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Tacit knowledge and fantasy football
A pitch for why you should subscribe to Stealing Signals
I got a question on my recent premium post titled Something I’m calling “situation regression” that made me think a bit about the value I try to add here. And I’m pretty terrible at the marketing side of things, which I think is evident as I talk through plans and try to plug podcasts and those things, but I think I have a decent way to summarize what the value in subscribing is. The comment on that post included this question:
My apologies if this is common knowledge to your long time subscribers…but how are you able to identify specific players where “situation regression” jumps off the paper compared to other players?
This is a very natural question, and I — and every fantasy analyst — get many forms of it. Fantasy football is a hobby for nearly everyone who plays it, and naturally people only have so much time to devote to it, so the goal is something that simplifies the time it takes to figure out which player to select. Maybe it’s wanting rankings, or sleepers, or some type of list of player targets.
I’m going to give you guys all those things, the conclusions I’ve drawn from my research that simplify things. But those aren’t the value add here — anyone can write a list of their favorite players without explanation or consideration for things like cost to acquire.
Last October, Jonathan Bales in a post on his Lucky Maverick Substack touched on a concept he referred to as tacit knowledge and linked to a separate piece written by Cedric Chin titled “Why Tacit Knowledge is More Important Than Deliberate Practice” that I more or less haven’t stopped thinking about since. I’ve been struck by how applicable the concept is to fantasy football.
If you’re not familiar with the word “tacit,” and to be honest for me it was totally one of those words I’d heard a million times but extremely ironically couldn’t quite define, it literally means “understood or implied without being stated.” Tacit knowledge is, more or less, something you know but can’t explain.
Chin’s post is fantastic, one of the best things I’ve read in the past year. But it’s this passage that stuck with me most:
People with expertise in any sufficiently complicated domain will always explain their expertise with things like: “Well, do X. Except when you see Y, then do Z, because A. And if you see B, then do P. But if you see A and C but not B, then do Q, because reason D. And then there are weird situations where you do Z but then see thing C emerge, then you should switch to Q.”
And if you push further, eventually they might say “Ahh, it just feels right. Do it long enough and it’ll feel right to you too.”
Chin then says he eventually realized the way to learn the techniques he was after was to copy that expert, and that he also realized “if you ever hear someone explaining things in terms of a long list of caveats, the odds are good that you’re looking at tacit knowledge in action.”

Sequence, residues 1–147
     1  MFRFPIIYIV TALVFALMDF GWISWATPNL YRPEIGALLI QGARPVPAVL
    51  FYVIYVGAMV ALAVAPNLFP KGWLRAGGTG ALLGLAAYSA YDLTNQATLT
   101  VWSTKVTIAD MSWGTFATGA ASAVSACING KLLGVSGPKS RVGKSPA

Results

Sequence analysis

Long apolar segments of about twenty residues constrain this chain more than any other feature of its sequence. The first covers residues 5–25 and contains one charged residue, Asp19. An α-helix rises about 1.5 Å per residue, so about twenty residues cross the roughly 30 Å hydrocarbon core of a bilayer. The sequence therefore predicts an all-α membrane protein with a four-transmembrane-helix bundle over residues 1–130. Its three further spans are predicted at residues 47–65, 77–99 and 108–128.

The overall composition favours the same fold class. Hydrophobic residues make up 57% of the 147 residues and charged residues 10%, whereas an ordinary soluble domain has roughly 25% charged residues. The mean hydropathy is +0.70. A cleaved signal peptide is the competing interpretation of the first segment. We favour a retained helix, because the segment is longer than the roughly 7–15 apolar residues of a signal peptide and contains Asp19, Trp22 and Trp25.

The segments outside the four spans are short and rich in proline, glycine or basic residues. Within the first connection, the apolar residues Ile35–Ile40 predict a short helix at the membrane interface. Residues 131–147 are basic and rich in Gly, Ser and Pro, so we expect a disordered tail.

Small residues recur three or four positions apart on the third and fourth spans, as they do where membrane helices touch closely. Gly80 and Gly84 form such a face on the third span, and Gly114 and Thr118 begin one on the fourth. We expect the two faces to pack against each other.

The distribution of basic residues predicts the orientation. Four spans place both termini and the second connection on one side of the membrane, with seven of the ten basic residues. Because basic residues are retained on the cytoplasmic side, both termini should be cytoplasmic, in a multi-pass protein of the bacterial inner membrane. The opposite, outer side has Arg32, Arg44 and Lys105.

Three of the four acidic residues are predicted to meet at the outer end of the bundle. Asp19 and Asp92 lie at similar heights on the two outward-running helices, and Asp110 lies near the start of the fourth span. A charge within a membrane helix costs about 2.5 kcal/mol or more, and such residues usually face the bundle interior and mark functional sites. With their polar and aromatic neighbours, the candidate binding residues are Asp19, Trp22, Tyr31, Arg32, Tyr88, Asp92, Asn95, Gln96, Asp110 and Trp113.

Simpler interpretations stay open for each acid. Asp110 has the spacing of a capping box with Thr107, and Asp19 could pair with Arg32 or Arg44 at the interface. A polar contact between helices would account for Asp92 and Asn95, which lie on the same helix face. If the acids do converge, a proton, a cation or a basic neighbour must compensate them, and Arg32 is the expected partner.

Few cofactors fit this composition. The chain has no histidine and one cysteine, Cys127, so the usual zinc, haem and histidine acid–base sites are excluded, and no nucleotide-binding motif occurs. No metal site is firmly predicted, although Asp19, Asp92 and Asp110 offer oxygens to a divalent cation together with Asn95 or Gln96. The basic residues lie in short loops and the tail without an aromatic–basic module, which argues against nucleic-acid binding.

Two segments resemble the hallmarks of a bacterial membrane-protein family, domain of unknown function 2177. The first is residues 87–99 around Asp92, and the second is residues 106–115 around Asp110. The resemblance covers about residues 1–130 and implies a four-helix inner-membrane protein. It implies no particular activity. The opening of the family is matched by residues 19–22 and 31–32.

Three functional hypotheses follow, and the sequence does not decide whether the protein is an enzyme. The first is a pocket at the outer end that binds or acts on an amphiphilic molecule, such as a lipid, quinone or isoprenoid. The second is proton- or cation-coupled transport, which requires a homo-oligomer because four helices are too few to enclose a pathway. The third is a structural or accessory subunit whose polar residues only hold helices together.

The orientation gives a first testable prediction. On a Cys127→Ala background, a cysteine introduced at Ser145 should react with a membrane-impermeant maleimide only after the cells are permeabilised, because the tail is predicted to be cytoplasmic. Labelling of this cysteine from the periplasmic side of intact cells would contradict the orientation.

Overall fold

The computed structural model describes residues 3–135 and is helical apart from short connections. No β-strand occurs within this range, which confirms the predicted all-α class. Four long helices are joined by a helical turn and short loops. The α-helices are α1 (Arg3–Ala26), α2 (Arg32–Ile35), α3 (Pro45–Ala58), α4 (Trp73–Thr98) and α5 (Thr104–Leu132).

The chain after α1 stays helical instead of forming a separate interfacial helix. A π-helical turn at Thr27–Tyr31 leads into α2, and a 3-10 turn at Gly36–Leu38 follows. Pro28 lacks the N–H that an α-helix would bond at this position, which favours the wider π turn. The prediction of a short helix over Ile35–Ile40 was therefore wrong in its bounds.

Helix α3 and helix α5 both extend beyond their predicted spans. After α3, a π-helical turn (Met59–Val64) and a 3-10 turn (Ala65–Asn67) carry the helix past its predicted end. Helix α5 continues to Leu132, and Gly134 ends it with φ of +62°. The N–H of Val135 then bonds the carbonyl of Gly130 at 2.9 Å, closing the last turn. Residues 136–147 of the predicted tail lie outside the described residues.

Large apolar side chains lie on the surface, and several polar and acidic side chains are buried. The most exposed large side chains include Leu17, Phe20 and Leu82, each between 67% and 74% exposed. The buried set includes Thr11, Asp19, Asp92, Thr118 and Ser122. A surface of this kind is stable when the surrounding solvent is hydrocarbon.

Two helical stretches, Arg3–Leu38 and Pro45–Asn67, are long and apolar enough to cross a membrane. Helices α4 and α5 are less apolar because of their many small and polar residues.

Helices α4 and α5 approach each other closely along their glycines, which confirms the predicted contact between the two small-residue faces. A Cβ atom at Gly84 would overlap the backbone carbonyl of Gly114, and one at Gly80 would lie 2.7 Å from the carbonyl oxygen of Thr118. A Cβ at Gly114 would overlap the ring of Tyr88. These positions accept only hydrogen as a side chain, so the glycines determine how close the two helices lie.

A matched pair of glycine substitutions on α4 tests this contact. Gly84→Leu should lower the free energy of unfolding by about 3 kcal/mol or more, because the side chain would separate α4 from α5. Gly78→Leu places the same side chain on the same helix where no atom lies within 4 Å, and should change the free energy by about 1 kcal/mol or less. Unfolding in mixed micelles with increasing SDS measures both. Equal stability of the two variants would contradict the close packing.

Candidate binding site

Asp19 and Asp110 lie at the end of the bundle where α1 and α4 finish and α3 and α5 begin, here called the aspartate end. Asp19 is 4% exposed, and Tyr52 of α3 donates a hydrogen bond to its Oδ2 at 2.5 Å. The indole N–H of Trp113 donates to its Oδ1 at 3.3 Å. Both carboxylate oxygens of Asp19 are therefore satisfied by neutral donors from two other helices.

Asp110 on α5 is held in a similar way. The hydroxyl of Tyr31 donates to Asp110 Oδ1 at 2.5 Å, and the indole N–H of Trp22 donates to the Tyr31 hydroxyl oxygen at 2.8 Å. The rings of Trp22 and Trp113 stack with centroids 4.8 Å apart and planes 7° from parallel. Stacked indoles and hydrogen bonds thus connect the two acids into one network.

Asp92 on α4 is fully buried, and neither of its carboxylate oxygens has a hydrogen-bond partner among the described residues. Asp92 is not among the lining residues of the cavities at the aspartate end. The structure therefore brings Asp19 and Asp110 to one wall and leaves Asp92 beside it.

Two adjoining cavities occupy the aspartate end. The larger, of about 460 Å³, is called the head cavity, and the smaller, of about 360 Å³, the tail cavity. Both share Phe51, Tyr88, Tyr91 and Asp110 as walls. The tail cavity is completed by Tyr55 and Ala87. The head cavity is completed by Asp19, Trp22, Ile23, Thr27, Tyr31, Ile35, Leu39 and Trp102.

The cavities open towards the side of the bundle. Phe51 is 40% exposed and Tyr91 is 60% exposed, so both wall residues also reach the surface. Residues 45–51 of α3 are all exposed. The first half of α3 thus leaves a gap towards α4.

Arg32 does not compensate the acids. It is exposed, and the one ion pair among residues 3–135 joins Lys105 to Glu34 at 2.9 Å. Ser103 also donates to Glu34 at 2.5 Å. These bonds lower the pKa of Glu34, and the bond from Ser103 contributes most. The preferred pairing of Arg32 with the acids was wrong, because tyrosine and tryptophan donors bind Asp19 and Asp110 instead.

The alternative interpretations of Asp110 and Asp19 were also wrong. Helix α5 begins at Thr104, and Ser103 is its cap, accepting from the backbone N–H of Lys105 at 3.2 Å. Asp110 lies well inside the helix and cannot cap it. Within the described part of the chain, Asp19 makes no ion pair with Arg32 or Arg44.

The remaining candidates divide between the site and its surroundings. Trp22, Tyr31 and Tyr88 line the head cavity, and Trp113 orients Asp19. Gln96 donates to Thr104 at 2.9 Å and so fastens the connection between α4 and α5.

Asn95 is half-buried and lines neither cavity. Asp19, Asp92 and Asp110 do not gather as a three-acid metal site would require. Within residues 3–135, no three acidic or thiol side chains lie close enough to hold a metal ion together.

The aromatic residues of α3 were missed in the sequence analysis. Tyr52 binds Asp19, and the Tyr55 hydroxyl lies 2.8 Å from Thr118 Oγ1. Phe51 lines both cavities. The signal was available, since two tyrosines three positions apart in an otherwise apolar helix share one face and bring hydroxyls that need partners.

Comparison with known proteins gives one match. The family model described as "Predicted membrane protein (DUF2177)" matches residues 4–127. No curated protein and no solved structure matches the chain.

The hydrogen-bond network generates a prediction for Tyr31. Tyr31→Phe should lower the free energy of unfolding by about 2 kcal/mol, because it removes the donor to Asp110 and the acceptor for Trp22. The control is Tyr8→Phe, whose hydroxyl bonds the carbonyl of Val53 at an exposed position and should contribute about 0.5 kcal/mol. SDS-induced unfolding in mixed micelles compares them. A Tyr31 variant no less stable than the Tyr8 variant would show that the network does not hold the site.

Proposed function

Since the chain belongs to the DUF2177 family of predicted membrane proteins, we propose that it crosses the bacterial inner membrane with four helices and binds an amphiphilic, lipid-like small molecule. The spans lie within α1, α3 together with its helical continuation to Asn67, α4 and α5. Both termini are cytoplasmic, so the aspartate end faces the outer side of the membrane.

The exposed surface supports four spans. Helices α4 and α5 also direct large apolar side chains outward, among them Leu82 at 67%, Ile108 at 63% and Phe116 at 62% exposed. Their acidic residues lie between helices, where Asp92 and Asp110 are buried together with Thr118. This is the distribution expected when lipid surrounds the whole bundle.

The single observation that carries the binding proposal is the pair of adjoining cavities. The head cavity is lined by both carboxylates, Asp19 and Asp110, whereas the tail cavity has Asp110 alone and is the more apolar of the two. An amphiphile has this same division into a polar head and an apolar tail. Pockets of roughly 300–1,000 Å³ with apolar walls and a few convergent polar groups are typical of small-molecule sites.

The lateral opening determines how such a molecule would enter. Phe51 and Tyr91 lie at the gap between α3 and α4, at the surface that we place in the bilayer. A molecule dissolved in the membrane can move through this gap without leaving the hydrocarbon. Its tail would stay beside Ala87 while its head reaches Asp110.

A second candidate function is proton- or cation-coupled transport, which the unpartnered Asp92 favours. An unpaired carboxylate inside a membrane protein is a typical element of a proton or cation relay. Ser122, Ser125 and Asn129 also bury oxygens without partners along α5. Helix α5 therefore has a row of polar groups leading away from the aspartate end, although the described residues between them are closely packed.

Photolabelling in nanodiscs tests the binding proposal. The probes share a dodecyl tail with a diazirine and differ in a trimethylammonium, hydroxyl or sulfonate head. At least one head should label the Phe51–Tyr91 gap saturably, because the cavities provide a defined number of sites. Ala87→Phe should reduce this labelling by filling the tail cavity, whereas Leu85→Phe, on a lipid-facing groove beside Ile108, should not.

One of my favorite things about this switch to doing content through a newsletter is the more informal feel, both in my writing and in that it’s seemingly empowered you guys to reach out to me more. And one of the very cool things I keep hearing and enjoying is that I’m making you better. I don’t much care about whether I was right about A.J. Brown or Stefon Diggs or Jonathan Taylor or any of these guys last year specifically; I do very much care that so many of you have written me messages that you really understand fantasy football better specifically because you’ve been reading stuff here.
I think that’s probably because my approach is and has always been right in line with this concept of tacit knowledge. I can’t always explain why I’m on a guy, but damned if I won’t try. If the real reason is A and C are present, so I’m doing B, but that if F was also present I’d instead do E, then I’m going to say all of that. That doesn’t make me an expert, and that’s one thing from the above quote I feel uneasy about attributing to my own process, but it does explain why I’m thinking the way I am, and give you the choice to agree or disagree with it.
Basically all of the best fantasy analysts approach things exactly this way, too. To get back to the initial question from the comment section, there is no easy way to identify why I’m doing what I’m doing. My buddy Rich Hribar sometimes uses this analogy of a tool belt, where we have lots of tools at our disposal, and often we’re adding more. It’s somewhat hilarious to read the above passage from Chin that starts with “…in any sufficiently complicated domain…” and think it applies to fantasy football, because I’ve definitely read Twitter replies before that say, in no uncertain terms, “Get over yourself, this is fantasy football, not rocket science.” And as far as Twitter shots go, that one is hilariously accurate.